Bake for 30 to 35 minutes until lightly browned. Let set for 20 minutes before serving. Garnish with fresh basil or oregano, if desired.
2 teaspoons extra virgin olive oil
1 large eggplant
4 garlic cloves, peeled
1/4 small onion, finely sliced
1 teaspoon minced fresh ginger (optional)
1/8 teaspoon minced hot pepper (optional)
Salt to taste (usually ½ teaspoon)
Pinch of black pepper
Wash eggplant and make 4 slits in it with a knife.
Stick the garlic cloves into the slits made in the eggplant.
Rub the eggplant with a ½ teaspoon of oil.
Roast eggplant over an open flame (on grill or gas stovetop) until soft, you can use a long handled tong or fork to turn it to roast evenly. Place roasted eggplant in a plate and peel off charred skin with a knife.
Mash the pulp and roasted garlic in a bowl with a fork. I use the blender/food processor for a smoother texture. Add the other ingredients to the pulp, mashing with a fork to release the oils from the pepper and onion. Mix thoroughly. Garnish with chopped chives or cilantro.
You can also grill the eggplant in the oven, scooping out the soft flesh, but you won’t get the authentic char roasted flavor.
Carol, you’ve made me hungry. We need to go to ‘Olive Garden’ & get their Eggplant parmesan. Just let me know when
Kylee Baumle says
I grew little ones last year just because I think they’re pretty. Neither of us likes it to eat. I don’t think I’ll grow it this year though. Too many other things to try!
I always have egg plant in the garden. I grow it for it’s looks but I won’t eat the it. Unlike Zucchini I won’t throw it at passing cars since friends and family appreciate the egg plant harvest.
Carol Michel says
Robin’s Nesting Place, Yes, try eggplant again. A lot of the taste depends on how it is fixed.
Leslie, Thank you for the recipe, I’ll try it this summer.
Ferne, Thanks for commenting this time, and thanks for the eggplant tips. I’m glad to get a good report on ‘Dusky’.
Chigiy, Thank you, I will check out that site for a recipe or two.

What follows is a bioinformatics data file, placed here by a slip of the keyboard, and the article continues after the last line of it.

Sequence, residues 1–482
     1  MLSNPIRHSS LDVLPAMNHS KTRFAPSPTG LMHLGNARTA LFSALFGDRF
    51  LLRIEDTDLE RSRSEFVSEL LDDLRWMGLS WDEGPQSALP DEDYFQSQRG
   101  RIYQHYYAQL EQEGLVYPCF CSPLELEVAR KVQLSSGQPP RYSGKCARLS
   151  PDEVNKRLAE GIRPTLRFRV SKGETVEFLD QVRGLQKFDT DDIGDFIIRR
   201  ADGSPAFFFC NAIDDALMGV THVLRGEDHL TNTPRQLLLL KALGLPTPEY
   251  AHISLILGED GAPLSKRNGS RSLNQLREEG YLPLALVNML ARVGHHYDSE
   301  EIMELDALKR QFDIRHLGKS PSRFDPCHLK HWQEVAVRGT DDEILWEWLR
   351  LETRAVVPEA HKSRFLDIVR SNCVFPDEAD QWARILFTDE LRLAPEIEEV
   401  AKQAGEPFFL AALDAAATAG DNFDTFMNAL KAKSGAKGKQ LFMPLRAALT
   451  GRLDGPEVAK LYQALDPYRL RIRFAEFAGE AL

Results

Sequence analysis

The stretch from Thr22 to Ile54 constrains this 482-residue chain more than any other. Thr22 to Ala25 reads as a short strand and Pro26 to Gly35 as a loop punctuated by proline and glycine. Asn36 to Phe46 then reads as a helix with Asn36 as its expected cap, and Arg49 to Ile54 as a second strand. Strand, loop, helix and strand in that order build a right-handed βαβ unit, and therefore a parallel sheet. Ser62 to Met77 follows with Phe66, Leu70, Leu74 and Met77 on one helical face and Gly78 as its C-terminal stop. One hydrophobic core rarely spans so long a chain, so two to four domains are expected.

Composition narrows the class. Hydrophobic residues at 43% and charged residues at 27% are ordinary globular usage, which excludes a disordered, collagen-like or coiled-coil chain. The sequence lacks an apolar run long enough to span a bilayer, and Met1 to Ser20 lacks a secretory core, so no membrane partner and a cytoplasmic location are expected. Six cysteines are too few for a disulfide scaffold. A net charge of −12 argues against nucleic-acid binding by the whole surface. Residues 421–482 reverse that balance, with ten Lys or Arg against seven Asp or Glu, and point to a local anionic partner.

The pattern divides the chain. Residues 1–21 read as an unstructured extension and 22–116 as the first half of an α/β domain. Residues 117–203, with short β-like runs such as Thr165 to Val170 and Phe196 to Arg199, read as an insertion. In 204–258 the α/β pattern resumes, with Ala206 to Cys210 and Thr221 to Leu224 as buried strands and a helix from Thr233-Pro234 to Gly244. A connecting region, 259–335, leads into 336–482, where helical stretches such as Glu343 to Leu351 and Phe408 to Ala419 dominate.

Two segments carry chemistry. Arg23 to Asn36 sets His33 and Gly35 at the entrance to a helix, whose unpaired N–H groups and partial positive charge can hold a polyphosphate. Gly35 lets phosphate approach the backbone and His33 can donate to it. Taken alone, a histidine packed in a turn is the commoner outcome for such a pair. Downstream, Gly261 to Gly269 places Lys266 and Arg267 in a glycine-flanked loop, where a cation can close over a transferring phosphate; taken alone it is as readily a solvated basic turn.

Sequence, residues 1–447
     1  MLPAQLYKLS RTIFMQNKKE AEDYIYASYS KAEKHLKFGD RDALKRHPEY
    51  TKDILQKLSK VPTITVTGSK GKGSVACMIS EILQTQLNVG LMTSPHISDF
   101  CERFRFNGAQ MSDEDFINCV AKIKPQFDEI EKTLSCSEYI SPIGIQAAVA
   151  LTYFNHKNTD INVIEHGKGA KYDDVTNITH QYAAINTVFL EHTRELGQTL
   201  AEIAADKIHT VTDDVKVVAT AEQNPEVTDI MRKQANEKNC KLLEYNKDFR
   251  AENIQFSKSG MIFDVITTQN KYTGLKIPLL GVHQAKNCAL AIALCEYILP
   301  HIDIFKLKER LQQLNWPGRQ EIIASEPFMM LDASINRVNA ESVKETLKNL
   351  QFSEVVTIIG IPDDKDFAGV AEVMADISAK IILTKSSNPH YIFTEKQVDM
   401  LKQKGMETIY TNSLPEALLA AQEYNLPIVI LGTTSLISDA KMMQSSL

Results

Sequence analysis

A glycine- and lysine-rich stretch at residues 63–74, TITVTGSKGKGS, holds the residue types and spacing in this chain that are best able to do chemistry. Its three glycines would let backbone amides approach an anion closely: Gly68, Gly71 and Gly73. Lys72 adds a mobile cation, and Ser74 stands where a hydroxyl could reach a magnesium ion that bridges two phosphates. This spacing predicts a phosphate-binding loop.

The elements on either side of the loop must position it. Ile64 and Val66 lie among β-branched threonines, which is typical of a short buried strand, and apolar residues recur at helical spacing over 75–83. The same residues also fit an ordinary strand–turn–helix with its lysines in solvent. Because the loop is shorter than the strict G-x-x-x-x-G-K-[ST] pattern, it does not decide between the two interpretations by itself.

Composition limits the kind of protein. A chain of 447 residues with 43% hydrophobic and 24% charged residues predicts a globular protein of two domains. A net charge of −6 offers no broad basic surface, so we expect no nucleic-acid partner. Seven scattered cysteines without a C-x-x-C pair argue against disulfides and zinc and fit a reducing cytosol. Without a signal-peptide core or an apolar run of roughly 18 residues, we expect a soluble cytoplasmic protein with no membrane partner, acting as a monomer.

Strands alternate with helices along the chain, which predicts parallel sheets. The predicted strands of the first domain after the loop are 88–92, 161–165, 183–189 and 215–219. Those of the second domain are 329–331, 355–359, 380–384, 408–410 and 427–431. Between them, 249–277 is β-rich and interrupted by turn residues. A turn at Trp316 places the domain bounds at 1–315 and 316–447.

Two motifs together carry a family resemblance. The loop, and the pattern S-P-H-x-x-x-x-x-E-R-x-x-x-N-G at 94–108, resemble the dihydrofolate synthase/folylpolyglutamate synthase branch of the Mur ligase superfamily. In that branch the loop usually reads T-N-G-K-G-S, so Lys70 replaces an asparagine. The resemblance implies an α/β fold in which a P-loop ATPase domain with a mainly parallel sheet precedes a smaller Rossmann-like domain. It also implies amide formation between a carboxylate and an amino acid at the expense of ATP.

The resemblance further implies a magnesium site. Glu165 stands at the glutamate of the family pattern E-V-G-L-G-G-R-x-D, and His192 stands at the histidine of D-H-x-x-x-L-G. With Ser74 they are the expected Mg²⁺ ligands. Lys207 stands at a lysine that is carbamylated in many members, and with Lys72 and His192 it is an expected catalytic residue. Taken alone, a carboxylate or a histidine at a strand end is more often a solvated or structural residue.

Meenoo, Thanks for de-lurking and for the tips on eggplant.
Mad Man Bamboo, I made myself hungry, too.
Sherry at the Zoo, Sam’s Club is indeed where I buy cayenne pepper in bulk. I need a lot of it.
Frances, Yes, I get fruit even after the flea beetles mess up the leaves. Try it again!
Lintys, It is one of my favorites, too.
Stickers, I’ll give some to Sherry to give to you!
Janie, Thanks, I’ll try it this summer.
Nicole, Easy and no frying sounds perfect for me. Thanks for the recipe!
Eleanor, Hey, we aren’t supposed to eat a bunch of fried stuff!
Kylee, I agree, they are pretty but if you aren’t going to eat even one, why bother. There are prettier plants!
Wiseacre, I’m glad someone eats it!
Thanks all for the nice comments,
Carol, May Dreams Gardens
I also love eggplant, but never tried to grow it in my garden. After reading your post I got inspired and I will sow few just in next days.
I like it so much, that I preserve it for winter by frying it together with pepper.
Ewa from Poland
Carol, I’m a little bit obsessed with eggplant — went crazy over them last summer. My favorite way to prepare them is just to chop them up and toss in olive oil and salt and pepper and roast at 425 degrees until they’re soft and browned. I could just eat an entire meal of that, but I have also been known to throw some tomatoes in after the fact, or some beans or whatever.
I think we’ve only ever grown eggplant once, long ago. I love it so perhaps we’ll give it a try again this year.
Those recipes sound delicious. You’ve made me hungry too. I’m off to get dinner!
Oh, I’m late to the party again, but I love eggplant! Let me count the ways:
1. Baba Ganoush
2. Eggplant Bharta, previously mentioned by Meenoo
3. Grilled Eggplant Sandwiches (slice eggplant, salt and drain, brush with olive oil, grill) topped with whatever sounds good
4. Zee’s Eggplant Salad – search sunset.com and you’ll find it
5. Toss sauteed or grilled pieces of eggplant with fresh tomato, onion, basil, olive oil and toasted bread cubes as a panzanella.
etc. etc. Did I mention that I like eggplant?